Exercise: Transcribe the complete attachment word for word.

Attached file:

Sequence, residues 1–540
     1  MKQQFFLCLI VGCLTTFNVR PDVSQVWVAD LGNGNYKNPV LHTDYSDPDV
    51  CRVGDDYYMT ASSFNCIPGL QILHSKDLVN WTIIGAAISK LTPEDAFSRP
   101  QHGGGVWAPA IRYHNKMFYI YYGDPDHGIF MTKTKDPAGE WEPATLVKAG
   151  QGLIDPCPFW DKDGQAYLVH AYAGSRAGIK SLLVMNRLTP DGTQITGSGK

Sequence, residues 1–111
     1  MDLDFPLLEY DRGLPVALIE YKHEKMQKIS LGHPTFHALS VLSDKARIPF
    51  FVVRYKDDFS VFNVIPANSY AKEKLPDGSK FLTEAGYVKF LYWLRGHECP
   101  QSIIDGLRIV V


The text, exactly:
Sequence, residues 1–540
     1  MKQQFFLCLI VGCLTTFNVR PDVSQVWVAD LGNGNYKNPV LHTDYSDPDV
    51  CRVGDDYYMT ASSFNCIPGL QILHSKDLVN WTIIGAAISK LTPEDAFSRP
   101  QHGGGVWAPA IRYHNKMFYI YYGDPDHGIF MTKTKDPAGE WEPATLVKAG
   151  QGLIDPCPFW DKDGQAYLVH AYAGSRAGIK SLLVMNRLTP DGTQITGSGK

Sequence, residues 1–111
     1  MDLDFPLLEY DRGLPVALIE YKHEKMQKIS LGHPTFHALS VLSDKARIPF
    51  FVVRYKDDFS VFNVIPANSY AKEKLPDGSK FLTEAGYVKF LYWLRGHECP
   101  QSIIDGLRIV V